Take the 2-minute tour ×
Stack Overflow is a question and answer site for professional and enthusiast programmers. It's 100% free, no registration required.

I have a dict like this:

food_to_food_type = {"apple": "fruit", "green bean": "vegetable", "tomato": "controversial"}

I have a function that wants a dict where keys are food types and values are the number of foods belonging to that type that I want, e.g.:

num_foods_of_type = {"fruit": 1, "vegetable": 1, "controversial": 1}

In this case, I want an equal number of foods of each type, which I'll represent with a constant.

Is there an easy way to make a new dict by taking the values of my food_to_food_type dict, and using them as keys in my num_foods_of_type dict, setting the values of each to my constant?

Here's the behaviour I want:

num_foods_of_type = {}
for food_type in food_to_food_type.values():
    num_foods_of_type[food_type] = NUM_FOODS_DESIRED

But I want to do this in a functional fashion so I can just transform the food_to_food_type dict on the way into my function:

order_food_types(magic_maplike_function(food_to_food_type.values(), NUM_FOODS_DESIRED))

Of course, I can write magic_maplike_function myself, but surely there must be a Pythonic way to do this, right?

share|improve this question

3 Answers 3

up vote 4 down vote accepted

A wonderful solution was proposed here to count the number of occurence in a python list. This can be applied to your case:

values = food_to_food_type.values()
dict( zip( values, map( values.count, values ) ) )

Apparantly, I haven't read your question sufficiently careful. You meant something like this: (?)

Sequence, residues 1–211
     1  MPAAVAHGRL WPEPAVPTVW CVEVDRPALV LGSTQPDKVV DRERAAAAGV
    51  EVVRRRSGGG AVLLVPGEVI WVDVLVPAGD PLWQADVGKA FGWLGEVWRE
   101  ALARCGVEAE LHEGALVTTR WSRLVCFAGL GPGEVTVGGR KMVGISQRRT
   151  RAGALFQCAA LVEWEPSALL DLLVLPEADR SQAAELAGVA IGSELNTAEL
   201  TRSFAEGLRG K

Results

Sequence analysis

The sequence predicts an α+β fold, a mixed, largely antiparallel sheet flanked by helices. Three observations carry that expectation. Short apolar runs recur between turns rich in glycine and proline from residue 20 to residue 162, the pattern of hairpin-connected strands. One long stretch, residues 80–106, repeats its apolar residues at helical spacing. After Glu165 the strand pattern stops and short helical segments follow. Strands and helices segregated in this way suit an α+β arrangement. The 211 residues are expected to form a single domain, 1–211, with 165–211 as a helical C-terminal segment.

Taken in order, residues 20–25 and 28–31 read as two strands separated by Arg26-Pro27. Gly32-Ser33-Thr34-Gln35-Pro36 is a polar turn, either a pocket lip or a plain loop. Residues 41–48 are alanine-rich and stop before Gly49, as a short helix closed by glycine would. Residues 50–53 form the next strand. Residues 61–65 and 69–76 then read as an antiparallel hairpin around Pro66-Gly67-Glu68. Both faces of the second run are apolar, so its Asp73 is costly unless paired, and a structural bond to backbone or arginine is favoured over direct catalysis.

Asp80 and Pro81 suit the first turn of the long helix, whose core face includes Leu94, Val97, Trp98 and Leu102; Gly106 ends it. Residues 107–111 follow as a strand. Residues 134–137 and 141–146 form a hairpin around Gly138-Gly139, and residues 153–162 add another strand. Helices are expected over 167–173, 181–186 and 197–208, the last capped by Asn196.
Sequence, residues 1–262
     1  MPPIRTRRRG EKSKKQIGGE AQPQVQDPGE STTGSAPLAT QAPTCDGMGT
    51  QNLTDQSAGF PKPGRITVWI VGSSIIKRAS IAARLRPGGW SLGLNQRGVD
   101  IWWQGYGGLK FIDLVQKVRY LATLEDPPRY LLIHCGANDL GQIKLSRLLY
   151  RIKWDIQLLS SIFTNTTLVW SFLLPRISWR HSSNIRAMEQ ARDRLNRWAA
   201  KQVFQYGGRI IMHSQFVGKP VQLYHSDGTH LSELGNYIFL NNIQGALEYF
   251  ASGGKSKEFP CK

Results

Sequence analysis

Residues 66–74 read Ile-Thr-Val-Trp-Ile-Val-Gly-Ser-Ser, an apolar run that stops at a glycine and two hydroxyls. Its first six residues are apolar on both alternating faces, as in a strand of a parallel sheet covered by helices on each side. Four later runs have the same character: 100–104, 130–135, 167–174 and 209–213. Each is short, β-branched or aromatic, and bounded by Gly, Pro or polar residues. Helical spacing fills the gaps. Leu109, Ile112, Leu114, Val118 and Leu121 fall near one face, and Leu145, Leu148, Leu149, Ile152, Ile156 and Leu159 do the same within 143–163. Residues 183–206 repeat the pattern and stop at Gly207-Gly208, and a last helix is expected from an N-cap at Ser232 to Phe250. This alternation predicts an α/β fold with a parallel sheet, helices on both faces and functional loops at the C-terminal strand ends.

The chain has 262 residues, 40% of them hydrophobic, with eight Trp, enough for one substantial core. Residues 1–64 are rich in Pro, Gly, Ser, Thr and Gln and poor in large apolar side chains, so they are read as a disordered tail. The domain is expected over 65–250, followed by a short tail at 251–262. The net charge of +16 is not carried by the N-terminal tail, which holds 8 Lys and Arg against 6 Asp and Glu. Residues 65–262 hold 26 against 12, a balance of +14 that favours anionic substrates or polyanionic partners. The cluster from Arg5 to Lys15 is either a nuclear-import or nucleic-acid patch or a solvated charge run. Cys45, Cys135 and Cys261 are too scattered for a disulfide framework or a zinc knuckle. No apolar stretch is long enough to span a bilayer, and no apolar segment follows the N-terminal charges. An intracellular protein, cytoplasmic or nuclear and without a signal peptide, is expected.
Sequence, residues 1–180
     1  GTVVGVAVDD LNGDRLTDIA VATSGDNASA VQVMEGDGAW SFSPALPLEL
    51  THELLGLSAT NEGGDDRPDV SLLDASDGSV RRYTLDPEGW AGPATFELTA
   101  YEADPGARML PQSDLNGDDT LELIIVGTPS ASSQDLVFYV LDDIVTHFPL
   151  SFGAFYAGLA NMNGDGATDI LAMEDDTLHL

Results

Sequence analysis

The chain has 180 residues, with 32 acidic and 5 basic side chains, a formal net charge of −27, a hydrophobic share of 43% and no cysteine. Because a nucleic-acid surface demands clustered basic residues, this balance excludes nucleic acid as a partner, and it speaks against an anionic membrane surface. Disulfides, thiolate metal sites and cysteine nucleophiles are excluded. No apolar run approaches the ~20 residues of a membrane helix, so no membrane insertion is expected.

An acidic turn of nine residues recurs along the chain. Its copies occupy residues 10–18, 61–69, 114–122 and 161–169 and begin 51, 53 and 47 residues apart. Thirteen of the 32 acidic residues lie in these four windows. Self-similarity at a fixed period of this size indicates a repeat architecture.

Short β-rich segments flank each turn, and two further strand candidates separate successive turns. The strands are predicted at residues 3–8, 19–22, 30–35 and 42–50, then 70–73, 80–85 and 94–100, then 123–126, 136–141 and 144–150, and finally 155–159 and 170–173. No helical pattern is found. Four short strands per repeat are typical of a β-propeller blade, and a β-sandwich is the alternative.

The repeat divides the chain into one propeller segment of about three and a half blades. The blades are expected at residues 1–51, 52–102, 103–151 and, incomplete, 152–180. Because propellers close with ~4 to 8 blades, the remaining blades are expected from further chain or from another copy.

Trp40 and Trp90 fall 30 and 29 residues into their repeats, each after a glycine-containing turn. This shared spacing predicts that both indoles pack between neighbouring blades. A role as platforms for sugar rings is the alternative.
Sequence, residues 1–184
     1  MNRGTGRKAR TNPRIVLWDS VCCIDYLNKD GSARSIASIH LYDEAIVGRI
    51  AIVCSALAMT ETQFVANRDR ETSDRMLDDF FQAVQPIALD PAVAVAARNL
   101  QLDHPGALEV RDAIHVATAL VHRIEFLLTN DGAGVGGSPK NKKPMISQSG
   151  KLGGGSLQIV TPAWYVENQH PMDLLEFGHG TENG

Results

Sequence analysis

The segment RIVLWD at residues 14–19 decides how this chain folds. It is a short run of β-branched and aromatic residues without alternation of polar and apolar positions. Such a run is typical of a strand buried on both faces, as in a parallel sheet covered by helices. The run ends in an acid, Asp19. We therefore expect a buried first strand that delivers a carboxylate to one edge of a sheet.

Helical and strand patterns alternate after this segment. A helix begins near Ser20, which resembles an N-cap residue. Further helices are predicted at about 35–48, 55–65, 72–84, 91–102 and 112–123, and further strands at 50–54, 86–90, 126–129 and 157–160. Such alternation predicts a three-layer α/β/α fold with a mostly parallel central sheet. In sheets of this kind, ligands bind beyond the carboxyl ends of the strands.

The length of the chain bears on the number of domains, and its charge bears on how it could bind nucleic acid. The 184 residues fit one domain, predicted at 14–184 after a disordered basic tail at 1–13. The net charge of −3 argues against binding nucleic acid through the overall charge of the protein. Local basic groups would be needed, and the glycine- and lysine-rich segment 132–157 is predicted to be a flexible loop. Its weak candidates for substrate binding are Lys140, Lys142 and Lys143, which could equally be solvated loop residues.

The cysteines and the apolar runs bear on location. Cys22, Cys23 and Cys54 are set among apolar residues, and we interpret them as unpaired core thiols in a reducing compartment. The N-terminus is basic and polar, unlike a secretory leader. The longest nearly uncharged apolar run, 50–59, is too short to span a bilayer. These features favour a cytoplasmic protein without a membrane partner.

values = food_to_food_type.values()
dict( zip( values, [NUM_FOOD_TYPES]*len(values) ) )
share|improve this answer
I'm accepting this answer over Cédric's simply because the form that counts the occurrences is also extremely useful, even if it is not what I needed in this case. Thanks! –  Josh Glover Nov 24 '11 at 10:04

You can achieve what you need this way :

dict(zip(food_to_food_type.values(), food_to_food_type.values()*[NUM_FOODS_DESIRED]))
>>> {'vegetable': 1, 'fruit': 1, 'controversial': 1}
share|improve this answer
dict(zip(food_to_food_type.values(), len(food_to_food_type.values())*[NUM_FOODS_DESIRED])) to be precise –  soulcheck Nov 24 '11 at 9:01
and probably the most pythonic way would be dict(zip(food_to_food_type.itervalues(), len(food_to_food_type)*[NUM_FOODS_DESIRED])) –  soulcheck Nov 24 '11 at 9:12
according to this article iteritems(), iterkeys(), and itervalues() are no longer necessary from (probably) Python 2.7 and removed in Python 3.x. See also this article. –  moooeeeep Nov 24 '11 at 9:29
>>> help(dict.fromkeys)
Help on built-in function fromkeys:

    dict.fromkeys(S[,v]) -> New dict with keys from S and values equal to v.
    v defaults to None.


dict.fromkeys(food_to_food_type.values(), NUM_FOODS_DESIRED)
share|improve this answer

Your Answer


By posting your answer, you agree to the privacy policy and terms of service.

Not the answer you're looking for? Browse other questions tagged or ask your own question.